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Llanfaes Friary (Franciscan);Greyfriars

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Map ReferenceSH67NW
Grid ReferenceSH6091677341
Unitary (Local) AuthorityIsle of Anglesey
Old CountyAnglesey
Type Of SiteFRIARY

Site of a Franciscan friary founded in 1245 by Llywelyn ap Iorwerth in memory of his wife Joan, daughter of King John. The friary was associated with and derived much of its income from the borough of Llanfaes - probably sited nearer to the parish church (NPRN 43609) some 700m to the north-west - until its removal to Newborough (NPRN 32992) in 1303. The friary was involved in the disturbances at the opening of the fifteenth century and the house was reported to be deserted in 1401. The community was reconstituted in 1414.
Speed's plan of Beaumaris, published 1611/12 shows the friary as a mansion set within an embattled precinct.
There are now no visible remains. Fragments of some fourteenth century encaustic tiles have been found on the site, along with fragments of matrices. The conventual church still survived in 1855, much mutilated and serving as a granary and stable (plan in Archaeological Journal 84 (1927), 100). In this building, about 35.4m by 10.5m, can be identified the nave, opening onto a south transept or chapel, a steeple passage and quire.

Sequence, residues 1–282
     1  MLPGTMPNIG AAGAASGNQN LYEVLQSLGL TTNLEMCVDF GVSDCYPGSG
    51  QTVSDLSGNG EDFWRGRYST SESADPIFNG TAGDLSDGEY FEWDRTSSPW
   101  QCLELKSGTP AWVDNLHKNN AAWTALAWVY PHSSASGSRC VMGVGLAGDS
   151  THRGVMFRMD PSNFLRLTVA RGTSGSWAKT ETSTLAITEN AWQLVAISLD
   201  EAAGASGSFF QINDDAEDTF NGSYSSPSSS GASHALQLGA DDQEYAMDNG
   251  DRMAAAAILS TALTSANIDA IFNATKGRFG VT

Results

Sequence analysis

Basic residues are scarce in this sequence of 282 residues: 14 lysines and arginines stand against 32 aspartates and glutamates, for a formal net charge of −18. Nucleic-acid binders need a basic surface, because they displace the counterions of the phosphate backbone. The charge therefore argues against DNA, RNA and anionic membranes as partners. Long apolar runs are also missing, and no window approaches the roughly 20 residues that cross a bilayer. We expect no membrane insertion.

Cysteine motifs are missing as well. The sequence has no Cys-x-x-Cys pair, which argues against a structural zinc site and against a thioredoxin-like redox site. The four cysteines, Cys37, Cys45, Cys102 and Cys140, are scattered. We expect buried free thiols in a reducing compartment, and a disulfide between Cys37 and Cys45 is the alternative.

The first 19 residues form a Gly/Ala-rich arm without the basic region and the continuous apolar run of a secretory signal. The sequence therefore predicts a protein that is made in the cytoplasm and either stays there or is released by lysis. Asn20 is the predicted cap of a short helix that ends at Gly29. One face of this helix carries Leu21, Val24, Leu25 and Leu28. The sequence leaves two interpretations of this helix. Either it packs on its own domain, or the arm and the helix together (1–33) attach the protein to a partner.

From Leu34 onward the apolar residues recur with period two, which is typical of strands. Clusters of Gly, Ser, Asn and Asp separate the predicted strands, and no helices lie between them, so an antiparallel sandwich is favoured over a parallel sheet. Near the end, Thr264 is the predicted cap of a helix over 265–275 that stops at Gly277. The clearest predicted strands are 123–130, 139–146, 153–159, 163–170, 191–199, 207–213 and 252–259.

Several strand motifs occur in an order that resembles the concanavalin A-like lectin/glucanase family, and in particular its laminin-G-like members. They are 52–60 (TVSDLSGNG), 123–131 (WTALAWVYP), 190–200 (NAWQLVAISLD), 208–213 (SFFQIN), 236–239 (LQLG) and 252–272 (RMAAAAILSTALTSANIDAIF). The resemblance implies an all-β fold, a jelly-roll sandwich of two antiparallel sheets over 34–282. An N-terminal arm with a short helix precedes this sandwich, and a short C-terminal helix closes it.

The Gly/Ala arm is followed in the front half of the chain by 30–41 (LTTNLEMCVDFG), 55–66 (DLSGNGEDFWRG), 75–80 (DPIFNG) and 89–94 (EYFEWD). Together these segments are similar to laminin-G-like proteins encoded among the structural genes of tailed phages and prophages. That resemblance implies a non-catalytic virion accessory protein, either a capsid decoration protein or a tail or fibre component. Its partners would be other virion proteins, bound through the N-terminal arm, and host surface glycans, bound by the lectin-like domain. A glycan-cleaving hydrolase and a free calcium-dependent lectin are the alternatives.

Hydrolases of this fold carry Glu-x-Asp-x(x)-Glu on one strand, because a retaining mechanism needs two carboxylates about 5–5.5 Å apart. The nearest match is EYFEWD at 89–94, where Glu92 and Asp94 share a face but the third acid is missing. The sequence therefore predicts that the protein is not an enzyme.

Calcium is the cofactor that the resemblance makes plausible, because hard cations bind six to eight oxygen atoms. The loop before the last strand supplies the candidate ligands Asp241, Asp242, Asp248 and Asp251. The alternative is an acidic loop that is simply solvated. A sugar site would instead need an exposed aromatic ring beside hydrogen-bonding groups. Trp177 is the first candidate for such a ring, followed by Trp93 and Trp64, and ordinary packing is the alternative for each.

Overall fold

The tomb slab thought to belong to Princess Joan, daughter of King John and wife of the founder, now lies in SS Mary and Nicholas' Church, Beaumaris (NPRN 43619).

Sources: HLJ in Archaeologia Cambrensis 3rd series I (1855), 73-81
RCAHM Anglesey Inventory (1937), 66-7
Carr 'Medieval Anglesey' (1982), 291-4
NMR Site File

John Wiles 17.07.07